Skynet vs. Checkered Floors

Round 1, Fight! Recently I’ve been trying to show an AI how to create a checkered pattern on a tiled floor for a game. It seems to be learning, but still has quite a bit of trouble around the edges.


The AI uses a generic problem-solving method called a genetic algorithm. Genetic algorithms are really cool because they can produce all kinds of awesome things without any previous knowledge about those things. In this case, it hasn’t the foggiest what it’s doing, but it’s just smashing various maps together and tweaking them trying to get closer and closer to my definition of ‘checkered’ that I gave it.

The problem with genetic algorithms is that they have absolutely no idea what they’re doing. It doesn’t remember what it learned the last time it created a checkered floor (it just starts over again from scratch, tweaking and guessing). It also can’t handle much complexity. “Checkered” is a challenging enough concept, but something like “Ominous” would go right over its head for now.



The Other Half of Minecraft

I spent a good chunk of my early youth over at friends’ houses playing with Legos. We’d stay up till early hours of the morning just building and telling stories with our creations. There’s something primal in us as human beings that makes us delight in the act of participating in a story, rather than just observing one. This desire is partially sated when we play games.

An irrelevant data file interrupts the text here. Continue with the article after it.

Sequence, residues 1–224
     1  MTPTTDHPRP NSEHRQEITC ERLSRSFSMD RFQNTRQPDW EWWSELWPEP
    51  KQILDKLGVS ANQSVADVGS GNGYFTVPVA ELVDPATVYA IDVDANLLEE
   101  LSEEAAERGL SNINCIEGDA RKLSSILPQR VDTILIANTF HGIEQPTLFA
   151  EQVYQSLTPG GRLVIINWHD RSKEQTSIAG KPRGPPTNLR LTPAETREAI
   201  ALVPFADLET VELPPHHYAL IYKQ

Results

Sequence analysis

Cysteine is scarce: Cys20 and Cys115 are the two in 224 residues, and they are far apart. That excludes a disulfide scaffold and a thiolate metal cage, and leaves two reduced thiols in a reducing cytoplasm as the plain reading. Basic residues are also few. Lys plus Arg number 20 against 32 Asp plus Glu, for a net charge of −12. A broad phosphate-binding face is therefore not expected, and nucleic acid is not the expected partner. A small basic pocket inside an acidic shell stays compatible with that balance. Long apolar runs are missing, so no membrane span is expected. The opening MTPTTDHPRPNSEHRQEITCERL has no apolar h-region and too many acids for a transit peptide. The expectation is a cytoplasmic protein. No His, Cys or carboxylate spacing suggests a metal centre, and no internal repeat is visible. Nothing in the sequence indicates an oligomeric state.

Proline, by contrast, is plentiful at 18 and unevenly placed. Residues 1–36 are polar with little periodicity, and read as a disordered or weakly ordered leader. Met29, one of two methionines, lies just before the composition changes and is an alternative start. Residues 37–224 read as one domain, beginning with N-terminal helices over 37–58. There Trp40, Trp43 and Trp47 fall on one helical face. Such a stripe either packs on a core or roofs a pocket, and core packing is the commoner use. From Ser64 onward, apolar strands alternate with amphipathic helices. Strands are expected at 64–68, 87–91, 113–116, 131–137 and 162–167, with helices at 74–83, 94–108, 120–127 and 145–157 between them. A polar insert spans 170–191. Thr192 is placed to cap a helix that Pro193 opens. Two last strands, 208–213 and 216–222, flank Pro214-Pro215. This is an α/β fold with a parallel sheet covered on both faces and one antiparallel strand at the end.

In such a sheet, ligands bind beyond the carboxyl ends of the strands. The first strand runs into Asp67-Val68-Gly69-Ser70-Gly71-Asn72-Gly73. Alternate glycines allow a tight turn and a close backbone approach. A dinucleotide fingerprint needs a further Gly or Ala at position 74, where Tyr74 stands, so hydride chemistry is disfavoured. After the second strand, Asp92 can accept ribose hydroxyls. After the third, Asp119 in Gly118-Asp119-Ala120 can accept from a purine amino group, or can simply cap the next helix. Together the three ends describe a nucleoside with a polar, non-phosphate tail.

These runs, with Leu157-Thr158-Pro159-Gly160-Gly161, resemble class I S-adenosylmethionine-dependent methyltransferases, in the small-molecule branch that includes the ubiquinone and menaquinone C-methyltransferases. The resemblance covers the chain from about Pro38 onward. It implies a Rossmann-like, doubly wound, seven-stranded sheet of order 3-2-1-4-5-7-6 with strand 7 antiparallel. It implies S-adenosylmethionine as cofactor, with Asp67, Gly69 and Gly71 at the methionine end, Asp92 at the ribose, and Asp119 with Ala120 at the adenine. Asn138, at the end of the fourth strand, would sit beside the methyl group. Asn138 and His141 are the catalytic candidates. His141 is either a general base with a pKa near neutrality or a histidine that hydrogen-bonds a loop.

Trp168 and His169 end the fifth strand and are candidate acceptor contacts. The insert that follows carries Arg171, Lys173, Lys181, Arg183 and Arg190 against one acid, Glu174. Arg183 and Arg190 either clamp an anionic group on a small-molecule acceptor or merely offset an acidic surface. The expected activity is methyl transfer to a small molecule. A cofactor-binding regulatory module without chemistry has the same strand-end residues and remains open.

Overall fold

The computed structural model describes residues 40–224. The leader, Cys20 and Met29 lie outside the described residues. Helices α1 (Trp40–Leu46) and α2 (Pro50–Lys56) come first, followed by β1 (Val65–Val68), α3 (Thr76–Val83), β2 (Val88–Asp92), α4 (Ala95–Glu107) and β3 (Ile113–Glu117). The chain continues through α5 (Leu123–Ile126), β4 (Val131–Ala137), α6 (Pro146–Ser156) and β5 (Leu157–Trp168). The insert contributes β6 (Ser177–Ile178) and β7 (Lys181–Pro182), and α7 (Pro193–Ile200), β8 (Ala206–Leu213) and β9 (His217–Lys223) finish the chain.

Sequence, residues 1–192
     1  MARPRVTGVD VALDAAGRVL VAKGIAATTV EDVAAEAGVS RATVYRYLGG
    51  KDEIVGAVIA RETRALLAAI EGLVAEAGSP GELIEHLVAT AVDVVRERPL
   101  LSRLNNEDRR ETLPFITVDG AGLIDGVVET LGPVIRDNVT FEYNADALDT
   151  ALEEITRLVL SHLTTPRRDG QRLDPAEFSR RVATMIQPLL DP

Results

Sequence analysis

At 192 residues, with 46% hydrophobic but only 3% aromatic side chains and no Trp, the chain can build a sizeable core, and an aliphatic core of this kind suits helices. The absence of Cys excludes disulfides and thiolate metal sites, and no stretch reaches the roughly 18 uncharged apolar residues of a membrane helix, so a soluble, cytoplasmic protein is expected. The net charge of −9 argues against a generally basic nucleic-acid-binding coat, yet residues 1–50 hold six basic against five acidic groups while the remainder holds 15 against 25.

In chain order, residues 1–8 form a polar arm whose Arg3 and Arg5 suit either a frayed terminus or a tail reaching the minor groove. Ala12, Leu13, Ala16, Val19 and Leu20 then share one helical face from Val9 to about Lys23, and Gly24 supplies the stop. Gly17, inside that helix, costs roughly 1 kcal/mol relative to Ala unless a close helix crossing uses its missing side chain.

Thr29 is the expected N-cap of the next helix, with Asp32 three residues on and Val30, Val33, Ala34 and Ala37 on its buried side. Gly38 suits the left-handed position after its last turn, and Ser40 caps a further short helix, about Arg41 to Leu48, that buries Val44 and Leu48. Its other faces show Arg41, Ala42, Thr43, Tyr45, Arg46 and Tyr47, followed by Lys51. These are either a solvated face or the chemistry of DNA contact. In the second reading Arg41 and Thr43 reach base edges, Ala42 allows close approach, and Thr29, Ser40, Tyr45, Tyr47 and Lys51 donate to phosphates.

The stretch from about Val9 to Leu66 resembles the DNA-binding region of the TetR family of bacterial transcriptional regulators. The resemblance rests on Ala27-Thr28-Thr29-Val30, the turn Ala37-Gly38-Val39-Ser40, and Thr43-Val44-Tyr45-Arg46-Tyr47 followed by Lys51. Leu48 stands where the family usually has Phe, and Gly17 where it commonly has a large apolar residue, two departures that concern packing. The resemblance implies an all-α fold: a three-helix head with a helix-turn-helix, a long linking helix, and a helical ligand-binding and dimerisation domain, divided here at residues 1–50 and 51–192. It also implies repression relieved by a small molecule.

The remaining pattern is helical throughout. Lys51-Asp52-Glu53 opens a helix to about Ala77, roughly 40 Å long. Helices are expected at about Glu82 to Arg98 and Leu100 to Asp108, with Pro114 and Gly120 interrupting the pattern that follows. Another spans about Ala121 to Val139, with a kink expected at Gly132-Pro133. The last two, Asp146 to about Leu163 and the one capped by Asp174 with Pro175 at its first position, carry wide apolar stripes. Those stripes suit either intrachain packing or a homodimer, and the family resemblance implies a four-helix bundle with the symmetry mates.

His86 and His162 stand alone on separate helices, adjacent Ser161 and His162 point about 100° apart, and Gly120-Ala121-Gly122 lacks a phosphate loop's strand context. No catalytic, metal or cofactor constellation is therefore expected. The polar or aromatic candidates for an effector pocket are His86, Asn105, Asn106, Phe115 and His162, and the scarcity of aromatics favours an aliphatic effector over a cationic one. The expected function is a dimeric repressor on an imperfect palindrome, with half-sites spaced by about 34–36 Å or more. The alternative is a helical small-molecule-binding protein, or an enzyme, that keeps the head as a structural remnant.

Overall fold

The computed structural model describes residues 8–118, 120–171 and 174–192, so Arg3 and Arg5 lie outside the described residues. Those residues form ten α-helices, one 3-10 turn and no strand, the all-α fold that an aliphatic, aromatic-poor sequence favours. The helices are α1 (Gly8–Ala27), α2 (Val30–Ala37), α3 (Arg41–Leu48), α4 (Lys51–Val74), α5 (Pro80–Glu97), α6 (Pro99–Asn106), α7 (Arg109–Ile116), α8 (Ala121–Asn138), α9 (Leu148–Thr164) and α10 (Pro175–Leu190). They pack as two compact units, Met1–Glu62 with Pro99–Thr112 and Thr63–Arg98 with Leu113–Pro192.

But while half of the joy of creativity and imagination was in building worlds with my friends, the other half was the stories and narratives that came out of those worlds. Our creations weren’t just part of a simulation.We took hold of our airships and caused them to fly. We created characters with personality. We created secret agencies with vast armies and complex motives. We spent the better part of an evening just enjoying a collaborative epic story.

While games like Minecraft prove that sandboxes can be a wild success, they usually ignore the other half of what made playing Legos with friends so compelling. The Interactive Story. I enjoy the rush of being attacked by randomly generated monsters in a dark tunnel as much as the next gamer. But can it really compare to the narrative substance of conspiring to overthrow a kingdom, or meeting a shadowy stranger with a message, or being sucked into a greater world plot much bigger than yourself?

The sandbox philosophy finally gives us the full freedom to impact the game world. But when will we have the ability to truly impact a game’s story as well?